Just when the heat is at its most insufferable in the Middle East, Turkey is planning to attack Syrian Kurds. What secular media reports aren’t saying is that thousands of Christians are in the way.
With America’s attention riveted on recent shootings in Texas, California and Ohio, few people realize that we could be at the brink of war with Turkey. Turkey, to its credit, has taken in millions of Syrian refugees in recent years. But Turkish leaders have vowed to destroy the Kurds, made up of more than 30 million people scattered over four nations and the world’s largest people group without a country.
Was it Turks, ISIS or someone else who set off the the car bomb next to a church in Qamishli, Syria, a few weeks ago?
Foreign news wonks are the main folks following this, but it could be a big deal very soon. I’ll let Foreign Policy set the stage for the upcoming conflict:
Tensions between Washington and Ankara spiked on Monday as Turkey began amassing large numbers of troops and military equipment on the border with northeast Syria in preparation for an attack against the U.S.-backed Syrian Kurds who helped defeat the Islamic State.
While he did not explicitly threaten a military response, U.S. Defense Secretary Mark Esper strongly implied that the United States would take action if Turkey attacks the Syrian Democratic Forces (SDF), a mostly Kurdish group that Turkey argues has ties to the Kurdistan Workers’ Party militant group, known as the PKK, which both the United States and Turkey have designated a terrorist group. Such an incursion would be a significant escalation of ongoing friction between the two NATO allies and would threaten not just the Kurds, but also U.S. troops in the region.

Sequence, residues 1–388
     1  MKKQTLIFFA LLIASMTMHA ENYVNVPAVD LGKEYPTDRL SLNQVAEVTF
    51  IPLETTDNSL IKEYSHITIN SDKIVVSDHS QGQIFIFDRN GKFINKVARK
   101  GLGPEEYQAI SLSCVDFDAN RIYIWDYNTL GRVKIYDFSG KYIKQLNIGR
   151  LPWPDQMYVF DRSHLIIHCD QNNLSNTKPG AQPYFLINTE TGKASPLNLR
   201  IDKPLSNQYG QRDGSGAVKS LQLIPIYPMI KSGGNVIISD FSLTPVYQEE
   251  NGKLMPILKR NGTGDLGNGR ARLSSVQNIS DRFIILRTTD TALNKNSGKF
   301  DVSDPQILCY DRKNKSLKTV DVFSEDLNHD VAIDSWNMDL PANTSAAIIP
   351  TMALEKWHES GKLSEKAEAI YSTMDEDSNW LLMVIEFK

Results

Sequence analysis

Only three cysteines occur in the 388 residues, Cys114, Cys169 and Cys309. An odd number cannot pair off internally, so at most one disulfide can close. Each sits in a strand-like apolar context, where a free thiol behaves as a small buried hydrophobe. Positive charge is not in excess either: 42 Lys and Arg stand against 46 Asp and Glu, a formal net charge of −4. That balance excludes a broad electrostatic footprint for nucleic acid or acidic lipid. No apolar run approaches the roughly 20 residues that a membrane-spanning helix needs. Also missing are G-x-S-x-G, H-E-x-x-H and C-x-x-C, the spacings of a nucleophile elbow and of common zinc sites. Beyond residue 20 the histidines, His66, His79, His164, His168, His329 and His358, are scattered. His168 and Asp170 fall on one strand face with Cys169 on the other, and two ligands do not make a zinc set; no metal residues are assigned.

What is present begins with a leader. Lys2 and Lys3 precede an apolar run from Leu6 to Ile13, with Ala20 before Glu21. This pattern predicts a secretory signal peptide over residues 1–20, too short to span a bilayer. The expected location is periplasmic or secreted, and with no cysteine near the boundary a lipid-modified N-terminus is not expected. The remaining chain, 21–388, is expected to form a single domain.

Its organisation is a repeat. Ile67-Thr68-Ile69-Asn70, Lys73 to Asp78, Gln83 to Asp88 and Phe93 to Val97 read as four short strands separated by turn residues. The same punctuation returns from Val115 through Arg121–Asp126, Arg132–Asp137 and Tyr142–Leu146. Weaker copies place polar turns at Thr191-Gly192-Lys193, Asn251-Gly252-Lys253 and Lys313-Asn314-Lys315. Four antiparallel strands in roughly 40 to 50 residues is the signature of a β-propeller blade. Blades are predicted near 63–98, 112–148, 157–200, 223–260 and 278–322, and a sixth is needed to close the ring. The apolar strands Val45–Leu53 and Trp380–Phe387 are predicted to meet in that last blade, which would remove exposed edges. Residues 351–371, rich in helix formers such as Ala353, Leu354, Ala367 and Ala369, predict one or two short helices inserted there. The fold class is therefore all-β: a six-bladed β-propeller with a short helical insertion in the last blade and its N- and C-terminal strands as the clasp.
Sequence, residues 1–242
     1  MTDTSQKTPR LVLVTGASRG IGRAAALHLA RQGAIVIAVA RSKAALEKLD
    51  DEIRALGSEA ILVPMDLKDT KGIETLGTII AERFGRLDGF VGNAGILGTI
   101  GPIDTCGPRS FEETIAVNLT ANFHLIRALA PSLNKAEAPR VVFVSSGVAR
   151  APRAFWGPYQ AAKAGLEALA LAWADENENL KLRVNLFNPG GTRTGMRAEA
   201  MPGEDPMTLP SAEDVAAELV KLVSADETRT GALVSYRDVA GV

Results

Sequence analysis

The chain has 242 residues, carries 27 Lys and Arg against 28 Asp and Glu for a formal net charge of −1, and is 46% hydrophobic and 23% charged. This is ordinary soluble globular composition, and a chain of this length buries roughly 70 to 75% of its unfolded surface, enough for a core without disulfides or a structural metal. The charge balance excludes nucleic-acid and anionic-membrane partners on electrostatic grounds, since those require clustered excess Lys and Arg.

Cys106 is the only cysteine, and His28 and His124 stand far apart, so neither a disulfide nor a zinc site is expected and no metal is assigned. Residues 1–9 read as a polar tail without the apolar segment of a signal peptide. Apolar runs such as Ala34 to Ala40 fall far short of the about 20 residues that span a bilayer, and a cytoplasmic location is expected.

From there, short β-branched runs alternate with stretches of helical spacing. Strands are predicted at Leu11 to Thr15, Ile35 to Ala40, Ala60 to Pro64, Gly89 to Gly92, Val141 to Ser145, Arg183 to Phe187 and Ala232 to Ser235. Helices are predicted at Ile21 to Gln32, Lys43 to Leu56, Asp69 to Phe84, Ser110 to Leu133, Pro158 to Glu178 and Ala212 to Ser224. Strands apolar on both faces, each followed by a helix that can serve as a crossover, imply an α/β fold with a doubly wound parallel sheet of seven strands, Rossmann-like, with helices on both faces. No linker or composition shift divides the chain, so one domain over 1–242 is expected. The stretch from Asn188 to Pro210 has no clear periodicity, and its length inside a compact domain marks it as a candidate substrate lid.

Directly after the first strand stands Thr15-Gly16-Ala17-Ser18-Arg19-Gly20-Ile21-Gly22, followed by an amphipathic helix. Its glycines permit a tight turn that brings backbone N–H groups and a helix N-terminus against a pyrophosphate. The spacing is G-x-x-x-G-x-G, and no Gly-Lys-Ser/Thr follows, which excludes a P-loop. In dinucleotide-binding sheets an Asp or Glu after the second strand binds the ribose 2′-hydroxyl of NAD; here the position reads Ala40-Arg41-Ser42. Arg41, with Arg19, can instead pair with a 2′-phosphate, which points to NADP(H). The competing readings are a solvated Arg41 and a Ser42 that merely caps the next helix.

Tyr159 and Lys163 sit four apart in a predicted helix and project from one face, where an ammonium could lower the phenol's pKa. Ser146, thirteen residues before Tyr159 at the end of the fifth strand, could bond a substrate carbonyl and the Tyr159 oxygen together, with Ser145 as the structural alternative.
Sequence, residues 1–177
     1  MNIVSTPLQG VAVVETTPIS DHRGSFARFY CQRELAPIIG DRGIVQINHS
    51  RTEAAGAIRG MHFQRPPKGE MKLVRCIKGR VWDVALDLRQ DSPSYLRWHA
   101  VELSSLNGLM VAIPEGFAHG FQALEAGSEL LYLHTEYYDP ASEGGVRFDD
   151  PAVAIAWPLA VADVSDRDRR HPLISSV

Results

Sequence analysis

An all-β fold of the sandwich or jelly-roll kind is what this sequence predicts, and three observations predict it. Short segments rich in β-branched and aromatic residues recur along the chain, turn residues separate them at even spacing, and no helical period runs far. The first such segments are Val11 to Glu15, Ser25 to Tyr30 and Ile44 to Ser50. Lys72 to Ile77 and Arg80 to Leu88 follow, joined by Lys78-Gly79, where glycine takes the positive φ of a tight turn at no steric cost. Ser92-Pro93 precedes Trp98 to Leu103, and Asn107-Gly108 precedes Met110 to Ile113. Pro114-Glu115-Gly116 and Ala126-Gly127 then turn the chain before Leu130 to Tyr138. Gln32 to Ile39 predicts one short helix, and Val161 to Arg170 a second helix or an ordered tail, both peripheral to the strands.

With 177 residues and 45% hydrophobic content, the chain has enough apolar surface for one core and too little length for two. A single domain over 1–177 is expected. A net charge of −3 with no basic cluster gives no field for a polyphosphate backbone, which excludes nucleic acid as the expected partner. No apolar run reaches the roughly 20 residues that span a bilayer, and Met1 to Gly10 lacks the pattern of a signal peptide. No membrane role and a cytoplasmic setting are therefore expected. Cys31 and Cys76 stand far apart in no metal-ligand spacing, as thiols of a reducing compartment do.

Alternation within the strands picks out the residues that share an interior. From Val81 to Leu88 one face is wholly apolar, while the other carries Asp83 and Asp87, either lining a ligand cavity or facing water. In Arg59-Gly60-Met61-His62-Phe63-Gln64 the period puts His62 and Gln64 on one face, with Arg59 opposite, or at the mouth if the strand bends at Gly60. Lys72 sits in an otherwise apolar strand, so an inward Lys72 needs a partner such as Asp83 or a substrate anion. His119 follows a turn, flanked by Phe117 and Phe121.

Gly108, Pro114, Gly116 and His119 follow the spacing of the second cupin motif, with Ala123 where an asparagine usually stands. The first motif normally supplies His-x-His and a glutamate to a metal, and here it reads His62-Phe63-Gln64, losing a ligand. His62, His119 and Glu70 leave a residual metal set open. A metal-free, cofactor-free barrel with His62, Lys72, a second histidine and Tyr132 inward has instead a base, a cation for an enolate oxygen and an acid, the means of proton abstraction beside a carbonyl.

There are lots of reporters tromping around the area.
David Ignatius’ July 25 Washington Post editorial tells Donald Trump for once to get it right, in terms of defending the Kurds against their mortal enemies, the Turks. The Kurds, he says, are “one of the extraordinary survival stories of the Middle East.”
Another Post story on Aug. 4 story tells of the Trump administration’s “last-ditch effort” to save the Kurds from a Turkish invasion.
With tens of thousands of Turkish troops massed near the border, a high-level Defense Department delegation plans to present what U.S. officials describe as a final offer to address Turkey’s concerns at a meeting Monday in Ankara.
The meeting marks the climax of a years-long dispute between the two NATO allies over U.S. support for Syrian Kurdish fighters who have led the ground war against the Islamic State, but whom Turkey considers a terrorist threat to its own security. Kurdish-led victories against the militant group have effectively left them in control of much of the border area.
Enter the religion angle.
Many of the folks who live in this border area are Christian. A CruxNow piece, written by a longtime friend of mine, Dale Gavlak, brings in the Catholic angle.
AMMAN, Jordan — Syriac Christians in northeastern Syria are calling on the United States to help defend them against a buildup of Turkish troops along the border, fearing they will be overrun and suffer the same fate as Afrin, where jihadist forces pushed out inhabitants last year.
The appeal by the U.S.-backed Christian Syriac Military Council, made available to Catholic News Service, warns of a possible Turkish attack on the eastern Euphrates River region in Syria. It said it fears the onslaught could affect thousands of Christians who live in Syria’s northeast, and it urges Washington to intervene.